Forbes Coaches Council Member

An Executive Coaching Plan for Our New Commander-in-Chief

We have a new CEO – Commander-in-Chief. Not one whom I wanted, nor one I would have hired. But I did expect him to get the job. #NotStunned #NotShocked

And similar to my experiences working with any CEO for the first time, I want to get to know him. I have a pretty good idea of the leader he is today. So for my own peace of mind – and likely many others – I’d like to understand what type of leader he aspires to become.

He hasn’t yet requested my executive coaching services, as he’s currently spending time with his campaign squad. But assuming he wants to be the best leader he’s capable of being, I’ve taken the initiative to lay out some of the questions I have for him.

Mr. President-elect:

You seem to be very high on independence and low on manageability, which tells me you don’t have a serious regard for authority and are not likely to follow rules. (I understand, as I’m highly independent and low on manageability as well.) But I’d like to know how this will allow you to be open to hearing feedback? How will you make sure you’re setting clear expectations and delegating properly? And given the fact that you haven’t done this job before, are you willing to ask for help when you need it and consider the opinions of those whom you disagree with?

The best leaders I know remain calm and stay level-headed in the eye of the storm. You seem highly assertive, which may cause you to overreact to situations that don’t warrant it. I’m curious how you’ll exercise diplomacy and react at an appropriate level to your fellow team members and customers (people who voted for you and people who did not)?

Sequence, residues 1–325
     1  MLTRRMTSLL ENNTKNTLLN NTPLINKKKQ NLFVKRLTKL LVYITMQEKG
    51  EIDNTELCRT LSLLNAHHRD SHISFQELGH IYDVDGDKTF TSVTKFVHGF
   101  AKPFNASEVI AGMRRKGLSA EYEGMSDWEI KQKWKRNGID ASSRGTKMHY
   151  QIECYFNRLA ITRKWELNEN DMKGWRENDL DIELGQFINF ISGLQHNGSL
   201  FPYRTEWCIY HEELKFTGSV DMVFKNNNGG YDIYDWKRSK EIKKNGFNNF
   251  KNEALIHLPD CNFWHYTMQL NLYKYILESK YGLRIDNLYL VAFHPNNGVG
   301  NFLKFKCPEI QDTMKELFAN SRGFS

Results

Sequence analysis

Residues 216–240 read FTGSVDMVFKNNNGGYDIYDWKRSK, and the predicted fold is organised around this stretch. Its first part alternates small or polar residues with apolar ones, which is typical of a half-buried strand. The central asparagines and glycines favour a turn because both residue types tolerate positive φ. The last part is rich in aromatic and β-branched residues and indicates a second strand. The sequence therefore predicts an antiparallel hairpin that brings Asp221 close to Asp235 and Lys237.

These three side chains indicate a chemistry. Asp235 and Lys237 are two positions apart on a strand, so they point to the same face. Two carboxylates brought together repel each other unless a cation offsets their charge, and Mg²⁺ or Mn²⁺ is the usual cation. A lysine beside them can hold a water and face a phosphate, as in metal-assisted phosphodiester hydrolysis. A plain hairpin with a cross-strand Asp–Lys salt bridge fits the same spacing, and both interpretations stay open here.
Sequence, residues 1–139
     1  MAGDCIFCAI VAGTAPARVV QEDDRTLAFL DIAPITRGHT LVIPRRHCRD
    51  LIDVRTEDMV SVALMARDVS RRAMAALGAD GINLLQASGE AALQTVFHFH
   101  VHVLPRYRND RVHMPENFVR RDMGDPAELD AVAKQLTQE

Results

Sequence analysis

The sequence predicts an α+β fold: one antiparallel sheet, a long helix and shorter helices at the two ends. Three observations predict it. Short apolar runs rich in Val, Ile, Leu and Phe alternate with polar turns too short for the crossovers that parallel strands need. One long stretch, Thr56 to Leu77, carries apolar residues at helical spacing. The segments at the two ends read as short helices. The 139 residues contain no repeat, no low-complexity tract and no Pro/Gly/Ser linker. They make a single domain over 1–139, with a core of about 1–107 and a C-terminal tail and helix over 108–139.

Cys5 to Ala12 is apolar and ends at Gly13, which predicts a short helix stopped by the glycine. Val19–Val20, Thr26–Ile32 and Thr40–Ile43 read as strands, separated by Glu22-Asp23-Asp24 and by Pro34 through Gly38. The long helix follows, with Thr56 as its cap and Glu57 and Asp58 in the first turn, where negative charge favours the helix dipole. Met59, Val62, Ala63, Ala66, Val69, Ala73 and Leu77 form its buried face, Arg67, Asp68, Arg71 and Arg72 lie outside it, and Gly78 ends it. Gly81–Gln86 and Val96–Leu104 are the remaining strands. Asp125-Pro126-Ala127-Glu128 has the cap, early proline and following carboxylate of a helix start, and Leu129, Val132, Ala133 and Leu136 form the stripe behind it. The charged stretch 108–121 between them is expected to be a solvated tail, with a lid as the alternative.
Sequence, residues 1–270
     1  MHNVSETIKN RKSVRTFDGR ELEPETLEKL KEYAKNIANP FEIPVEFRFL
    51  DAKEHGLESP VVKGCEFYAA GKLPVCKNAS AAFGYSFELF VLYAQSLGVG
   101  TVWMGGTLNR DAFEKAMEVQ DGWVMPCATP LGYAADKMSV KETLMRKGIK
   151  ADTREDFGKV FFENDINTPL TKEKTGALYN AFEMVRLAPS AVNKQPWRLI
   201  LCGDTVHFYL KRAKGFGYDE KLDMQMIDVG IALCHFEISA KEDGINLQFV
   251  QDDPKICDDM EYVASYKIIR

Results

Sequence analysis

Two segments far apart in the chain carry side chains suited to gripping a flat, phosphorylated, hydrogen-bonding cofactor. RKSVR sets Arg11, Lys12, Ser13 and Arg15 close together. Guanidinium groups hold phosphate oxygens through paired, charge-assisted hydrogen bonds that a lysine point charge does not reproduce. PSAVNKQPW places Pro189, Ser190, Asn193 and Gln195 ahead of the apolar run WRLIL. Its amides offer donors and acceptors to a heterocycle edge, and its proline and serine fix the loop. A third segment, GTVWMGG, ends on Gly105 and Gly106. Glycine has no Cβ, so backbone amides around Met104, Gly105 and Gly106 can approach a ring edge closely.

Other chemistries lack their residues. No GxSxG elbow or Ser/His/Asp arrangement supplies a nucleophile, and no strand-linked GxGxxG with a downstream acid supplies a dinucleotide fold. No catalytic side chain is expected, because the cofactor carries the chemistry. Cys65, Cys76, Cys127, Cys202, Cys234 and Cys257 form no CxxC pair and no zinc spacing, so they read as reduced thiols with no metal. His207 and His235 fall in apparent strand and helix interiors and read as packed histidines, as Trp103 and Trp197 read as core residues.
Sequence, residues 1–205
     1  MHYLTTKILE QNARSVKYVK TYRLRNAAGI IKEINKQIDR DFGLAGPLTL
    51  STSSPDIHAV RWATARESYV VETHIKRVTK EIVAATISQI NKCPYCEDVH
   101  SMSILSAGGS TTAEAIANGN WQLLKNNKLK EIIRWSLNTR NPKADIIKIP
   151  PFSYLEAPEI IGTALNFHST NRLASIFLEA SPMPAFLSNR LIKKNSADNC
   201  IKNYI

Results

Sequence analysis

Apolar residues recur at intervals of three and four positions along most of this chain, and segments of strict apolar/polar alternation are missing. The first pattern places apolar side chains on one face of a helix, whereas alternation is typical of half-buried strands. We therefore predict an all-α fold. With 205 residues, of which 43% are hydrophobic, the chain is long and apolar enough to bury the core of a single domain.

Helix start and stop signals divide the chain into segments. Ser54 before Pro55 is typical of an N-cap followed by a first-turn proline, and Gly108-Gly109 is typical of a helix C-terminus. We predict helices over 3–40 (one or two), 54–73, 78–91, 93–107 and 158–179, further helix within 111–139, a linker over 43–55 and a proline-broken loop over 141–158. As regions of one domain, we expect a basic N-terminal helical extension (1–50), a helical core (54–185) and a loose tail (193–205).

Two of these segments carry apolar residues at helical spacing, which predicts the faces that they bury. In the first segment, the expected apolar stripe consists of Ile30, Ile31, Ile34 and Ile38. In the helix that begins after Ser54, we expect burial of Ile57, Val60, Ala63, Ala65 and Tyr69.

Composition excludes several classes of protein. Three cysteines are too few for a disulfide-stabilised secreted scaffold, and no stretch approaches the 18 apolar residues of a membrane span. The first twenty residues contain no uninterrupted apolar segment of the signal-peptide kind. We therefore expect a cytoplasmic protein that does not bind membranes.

You have a very optimistic attitude. On a scale of 1 to 10, 10 being high, I’d rate you a 9. How will this serve as a strength in your new role? And more importantly, will you listen to your team’s feedback when a more cautious approach is warranted?

You are a strong communicator; in that you speak at a level that resonates with most of the population and the words you use make your message easy to understand. This is a great strength for a CEO, especially when you need to engage and mobilize staff and customers. I’m wondering, however, how will you encourage your team and customers to push back? How will you invite them to challenge your thinking as the best leaders do?

The CEOs I’ve interviewed and coached have moved away from the command and control leadership model to servant leadership – a more humble, people-centered approach. It’s because they value knowledge shared from all directions, foster collaboration and create an open, creative environment for innovation. Based on what I know about you, these are not values you prioritize. However, with such a highly divided customer-base, how do you intend to change your behavior in order to build trust and bridge the divide?

Assuming you’re open to doing the hard work that makes leaders great, I have ideas on how you can be successful. But before we move forward, I have one final question. Is there anything else you’d like me to know? I ask you this Mr. President-elect because I’m desperately hoping I will be pleasantly surprised.

Find more leadership advice in my book “From the CEO’s Perspective” where I interview 20 top CEOs on how they are developing leaders in today’s world.

Watch my latest CEO Forum coverage on Leading Multi-Gen Workforces with advice from Ken Alterman, CEO of SAVERS/Value Village, Kimberly Harris, CEO of Puget Sound Energy and Kevin Klock, CEO of Talking Rain. Thanks to our sponsor, Regence.

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